Another way to help you take-off at the steeper part of the wave is to have a fast pop-up - a skill you should most definitely be perfecting on your longboard. Developing your pop-up comes with time and practise, but if you keep working on it, you’ll eventually have a seamless and swift pop-up. 

As soon as you feel the wave pick you up - boom! Make that explosive pop-up! A good pop-up also requires you to be flexible and have a strong core. Our guide below explains how yoga can help improve your surfing, ultimately allowing you to have faster reactions and improve balance.


Check out our guide on how can yoga improve your surfing




Shortboards are designed to sit in steeper waves, courtesy of their rocker. Longboards have a much flatter rocker, allowing you to catch more mellow, thick waves. So, when learning to take-off on the steeper part of the wave on a longboard, it’s helpful to angle your take-off, too. 

Angling your take-off is a vital skill that’s needed when riding a shortboard, as it allows a surfer to drop into steep waves without being eaten up by it. This also enables you to engage the rail as early as possible and helps you gain the momentum needed to draw a nice line down to the face of the wave whilst generating speed.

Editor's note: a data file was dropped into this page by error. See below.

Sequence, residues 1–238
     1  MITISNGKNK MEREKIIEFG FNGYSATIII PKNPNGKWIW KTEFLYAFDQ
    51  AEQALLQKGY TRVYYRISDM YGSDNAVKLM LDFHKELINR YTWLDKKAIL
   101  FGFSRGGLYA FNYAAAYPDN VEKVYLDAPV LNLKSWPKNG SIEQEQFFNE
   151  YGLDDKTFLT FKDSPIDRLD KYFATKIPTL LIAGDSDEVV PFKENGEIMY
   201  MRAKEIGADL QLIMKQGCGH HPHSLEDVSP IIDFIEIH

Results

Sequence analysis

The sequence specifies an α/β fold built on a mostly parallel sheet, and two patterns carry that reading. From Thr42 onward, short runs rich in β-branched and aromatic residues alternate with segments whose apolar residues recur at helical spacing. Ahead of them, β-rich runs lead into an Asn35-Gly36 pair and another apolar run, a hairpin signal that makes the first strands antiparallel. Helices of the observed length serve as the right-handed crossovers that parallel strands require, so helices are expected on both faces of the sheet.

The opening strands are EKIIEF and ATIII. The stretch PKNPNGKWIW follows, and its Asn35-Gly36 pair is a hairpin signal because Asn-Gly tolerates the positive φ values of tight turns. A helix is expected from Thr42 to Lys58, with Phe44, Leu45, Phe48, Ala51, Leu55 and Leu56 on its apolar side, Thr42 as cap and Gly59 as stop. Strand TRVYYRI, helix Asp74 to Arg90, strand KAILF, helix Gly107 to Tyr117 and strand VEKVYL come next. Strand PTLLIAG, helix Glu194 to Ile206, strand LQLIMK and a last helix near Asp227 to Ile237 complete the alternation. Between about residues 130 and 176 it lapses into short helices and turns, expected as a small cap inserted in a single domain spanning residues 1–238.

By angling your board, you also encourage yourself to look down the line rather than straight down the wave. Combine this with rotated shoulders pointing in the direction you want to go and a put-together pop-up, and you have the perfect combination to start a great ride!


A surfer popping up on their surfboard




If you’re ready to transition down to a smaller board, you’d know that foot placement is crucial - with both your feet centred on the board's stringer. When riding a longboard, however, you have the room to place your feet closer together without much consequence. But try this on a shortboard, and you will fall straight off!

A shortboard is more sensitive to slight movements, so correct foot placement is crucial. Your back foot needs to land on the tail on the board - placing a tail pad there can help with this - and your front foot needs generally needs to be on the middle of the board, about shoulder width apart, or slightly more if it feels right, but certainly no less.